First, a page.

- Porsche.com

If you are going to make a serious Tesla rival (or a serious electric car, period), range needs to be high on your list. With that in mind, Porsche used an all new, specialized EV architecture for the Taycan, an 800-volt battery pack (as opposed to the normal 400) and other tweaks to make it go as far as possible on a single charge. And the end result? 201 miles of range and 69 MPGe. Or, to put it another way, 3 fewer miles of range and 5 fewer MPGe than Audi managed with a 400-volt battery stuck into a converted gas-engine platform, on a car that weighs nearly 1,000 pounds more than the Taycan. And even more significantly, that's nearly 200 fewer miles than the top spec Tesla Model S--a car that is nearly $60,000 less than the starting price of the Taycan Turbo that performed the test--and that's before you factor in Porsche's famously expensive option pricing. At the risk of stating the obvious, this is disastrous for the Taycan, and could sink its chance at luring away Tesla buyers.

Actually, let's be fair about this. The Taycan is not the least efficient production EV the EPA has ever tested. There are two that score lower than the Taycan: the 2001 Th!nk City Car (not a typo) and the 1999 GM EV-1. Also, the 2000 Toyota RAV4 EV, converted from a now-20 year old car with now-20 year old battery technology, only scored 3 more MPGe than the brand-new, purpose-built, top of the line, $152,000 Porsche electric car. Oh. When I say it like that it sounds even worse.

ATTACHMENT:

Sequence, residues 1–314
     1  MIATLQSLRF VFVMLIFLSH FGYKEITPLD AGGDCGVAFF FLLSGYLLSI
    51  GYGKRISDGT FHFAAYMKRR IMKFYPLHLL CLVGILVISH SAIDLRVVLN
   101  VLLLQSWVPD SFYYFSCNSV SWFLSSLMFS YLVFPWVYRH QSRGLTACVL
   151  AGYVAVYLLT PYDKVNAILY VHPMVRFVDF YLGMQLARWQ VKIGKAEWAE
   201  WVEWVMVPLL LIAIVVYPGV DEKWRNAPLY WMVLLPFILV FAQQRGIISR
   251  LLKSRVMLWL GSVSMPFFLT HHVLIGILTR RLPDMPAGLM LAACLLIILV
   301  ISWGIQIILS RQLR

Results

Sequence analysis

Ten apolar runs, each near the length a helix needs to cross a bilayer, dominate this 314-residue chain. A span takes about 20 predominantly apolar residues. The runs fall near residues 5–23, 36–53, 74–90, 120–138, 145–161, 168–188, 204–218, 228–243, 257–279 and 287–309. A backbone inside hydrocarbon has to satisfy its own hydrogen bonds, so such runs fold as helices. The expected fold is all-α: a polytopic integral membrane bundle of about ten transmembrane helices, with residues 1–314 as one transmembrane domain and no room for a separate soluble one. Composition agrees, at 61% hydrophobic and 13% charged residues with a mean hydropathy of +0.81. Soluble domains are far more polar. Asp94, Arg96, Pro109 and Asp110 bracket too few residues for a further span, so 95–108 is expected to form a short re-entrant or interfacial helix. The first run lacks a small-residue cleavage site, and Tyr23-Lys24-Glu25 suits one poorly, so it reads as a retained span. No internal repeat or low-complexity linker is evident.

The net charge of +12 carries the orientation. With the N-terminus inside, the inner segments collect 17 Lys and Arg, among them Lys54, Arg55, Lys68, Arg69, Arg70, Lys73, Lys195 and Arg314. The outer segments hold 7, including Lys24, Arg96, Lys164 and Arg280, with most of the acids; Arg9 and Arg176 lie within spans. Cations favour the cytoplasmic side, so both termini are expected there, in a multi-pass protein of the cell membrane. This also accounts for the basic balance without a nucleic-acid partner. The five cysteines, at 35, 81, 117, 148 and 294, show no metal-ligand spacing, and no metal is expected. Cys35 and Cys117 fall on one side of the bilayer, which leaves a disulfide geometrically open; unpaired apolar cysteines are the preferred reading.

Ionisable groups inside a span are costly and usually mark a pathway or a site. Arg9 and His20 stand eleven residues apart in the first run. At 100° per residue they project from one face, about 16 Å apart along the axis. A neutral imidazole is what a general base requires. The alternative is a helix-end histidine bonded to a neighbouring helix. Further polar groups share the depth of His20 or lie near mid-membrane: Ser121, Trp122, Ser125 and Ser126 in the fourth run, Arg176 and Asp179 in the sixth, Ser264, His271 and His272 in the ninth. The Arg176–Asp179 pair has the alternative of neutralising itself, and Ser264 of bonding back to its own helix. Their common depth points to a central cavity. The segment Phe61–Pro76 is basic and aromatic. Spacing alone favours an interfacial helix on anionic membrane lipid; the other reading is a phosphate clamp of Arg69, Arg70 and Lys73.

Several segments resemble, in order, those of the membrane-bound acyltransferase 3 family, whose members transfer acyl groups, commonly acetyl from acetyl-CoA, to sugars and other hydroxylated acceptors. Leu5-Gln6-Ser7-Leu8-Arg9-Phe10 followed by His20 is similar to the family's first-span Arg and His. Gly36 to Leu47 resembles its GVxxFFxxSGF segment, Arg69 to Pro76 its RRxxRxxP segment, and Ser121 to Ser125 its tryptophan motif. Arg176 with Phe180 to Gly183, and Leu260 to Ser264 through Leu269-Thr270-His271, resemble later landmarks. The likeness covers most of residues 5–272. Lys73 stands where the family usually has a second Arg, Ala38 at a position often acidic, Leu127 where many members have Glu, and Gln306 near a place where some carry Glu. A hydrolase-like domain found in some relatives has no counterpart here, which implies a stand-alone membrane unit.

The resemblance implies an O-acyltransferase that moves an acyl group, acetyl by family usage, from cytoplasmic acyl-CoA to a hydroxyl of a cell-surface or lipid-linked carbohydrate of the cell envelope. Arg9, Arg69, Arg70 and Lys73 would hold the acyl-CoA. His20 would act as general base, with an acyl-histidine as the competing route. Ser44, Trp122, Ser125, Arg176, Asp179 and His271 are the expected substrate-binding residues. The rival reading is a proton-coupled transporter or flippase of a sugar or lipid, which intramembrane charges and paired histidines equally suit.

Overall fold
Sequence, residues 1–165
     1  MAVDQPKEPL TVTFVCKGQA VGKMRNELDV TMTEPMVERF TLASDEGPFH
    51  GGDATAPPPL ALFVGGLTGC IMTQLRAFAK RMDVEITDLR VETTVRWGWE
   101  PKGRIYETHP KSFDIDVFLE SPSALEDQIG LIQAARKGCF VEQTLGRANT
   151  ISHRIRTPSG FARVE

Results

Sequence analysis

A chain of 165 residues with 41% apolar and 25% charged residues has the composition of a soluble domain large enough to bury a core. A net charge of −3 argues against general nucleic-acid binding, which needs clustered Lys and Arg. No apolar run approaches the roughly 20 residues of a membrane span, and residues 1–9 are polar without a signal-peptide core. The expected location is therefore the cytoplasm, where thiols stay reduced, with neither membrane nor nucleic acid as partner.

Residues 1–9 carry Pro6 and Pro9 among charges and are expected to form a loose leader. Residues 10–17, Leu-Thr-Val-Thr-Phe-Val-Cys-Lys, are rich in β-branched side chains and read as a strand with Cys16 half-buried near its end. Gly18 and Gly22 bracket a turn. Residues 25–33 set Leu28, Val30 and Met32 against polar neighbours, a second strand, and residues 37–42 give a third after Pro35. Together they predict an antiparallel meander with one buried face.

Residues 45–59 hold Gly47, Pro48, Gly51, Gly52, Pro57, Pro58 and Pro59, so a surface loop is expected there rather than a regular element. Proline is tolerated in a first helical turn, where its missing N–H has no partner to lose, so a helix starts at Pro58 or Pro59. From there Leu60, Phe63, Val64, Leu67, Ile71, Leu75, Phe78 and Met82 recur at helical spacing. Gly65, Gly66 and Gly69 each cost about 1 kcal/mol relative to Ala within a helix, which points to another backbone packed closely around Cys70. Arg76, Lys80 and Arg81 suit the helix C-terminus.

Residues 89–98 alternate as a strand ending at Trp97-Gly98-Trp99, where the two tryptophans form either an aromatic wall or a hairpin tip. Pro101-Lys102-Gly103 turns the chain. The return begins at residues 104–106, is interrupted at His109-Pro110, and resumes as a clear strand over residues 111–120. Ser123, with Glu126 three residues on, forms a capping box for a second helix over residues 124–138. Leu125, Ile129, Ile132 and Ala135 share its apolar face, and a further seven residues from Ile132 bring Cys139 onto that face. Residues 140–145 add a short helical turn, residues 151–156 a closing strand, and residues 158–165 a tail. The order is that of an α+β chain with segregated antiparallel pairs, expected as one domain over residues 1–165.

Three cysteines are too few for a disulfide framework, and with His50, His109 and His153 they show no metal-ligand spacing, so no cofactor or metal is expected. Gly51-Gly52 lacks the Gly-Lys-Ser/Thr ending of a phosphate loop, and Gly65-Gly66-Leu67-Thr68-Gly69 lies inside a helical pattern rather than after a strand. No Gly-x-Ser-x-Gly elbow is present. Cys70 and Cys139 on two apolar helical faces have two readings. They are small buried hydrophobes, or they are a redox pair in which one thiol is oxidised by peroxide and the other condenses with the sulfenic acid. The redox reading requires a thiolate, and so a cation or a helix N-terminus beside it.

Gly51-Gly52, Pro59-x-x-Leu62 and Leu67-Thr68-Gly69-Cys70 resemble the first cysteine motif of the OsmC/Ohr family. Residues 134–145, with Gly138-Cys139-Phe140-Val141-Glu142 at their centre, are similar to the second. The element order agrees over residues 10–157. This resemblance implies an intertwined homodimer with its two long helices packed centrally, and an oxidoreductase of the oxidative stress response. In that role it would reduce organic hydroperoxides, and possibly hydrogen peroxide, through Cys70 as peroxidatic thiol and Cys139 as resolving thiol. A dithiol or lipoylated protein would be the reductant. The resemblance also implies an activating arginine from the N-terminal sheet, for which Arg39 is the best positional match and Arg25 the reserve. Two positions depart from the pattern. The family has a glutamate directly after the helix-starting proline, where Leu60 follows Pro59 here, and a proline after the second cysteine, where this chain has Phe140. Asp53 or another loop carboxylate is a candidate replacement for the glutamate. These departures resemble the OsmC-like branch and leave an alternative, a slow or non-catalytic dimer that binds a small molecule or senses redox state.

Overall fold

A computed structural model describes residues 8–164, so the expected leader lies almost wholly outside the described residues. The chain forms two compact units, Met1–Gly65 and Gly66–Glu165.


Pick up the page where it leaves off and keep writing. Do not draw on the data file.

Porsche, understandably, were horrified at the results, and got a fuel-economy testing organization called the AMCI to do their own tests. They achieved a combined 275 miles of range--but I personally would take that with a grain of salt until it can be confirmed by buyers.

When the Taycan came out, I thought it would be the first serious competitor to the Tesla Model S. As it turns out, though, I was wrong. The first serious competitor, it seems, is still yet to come. Maybe Audi will have better luck with this platform?

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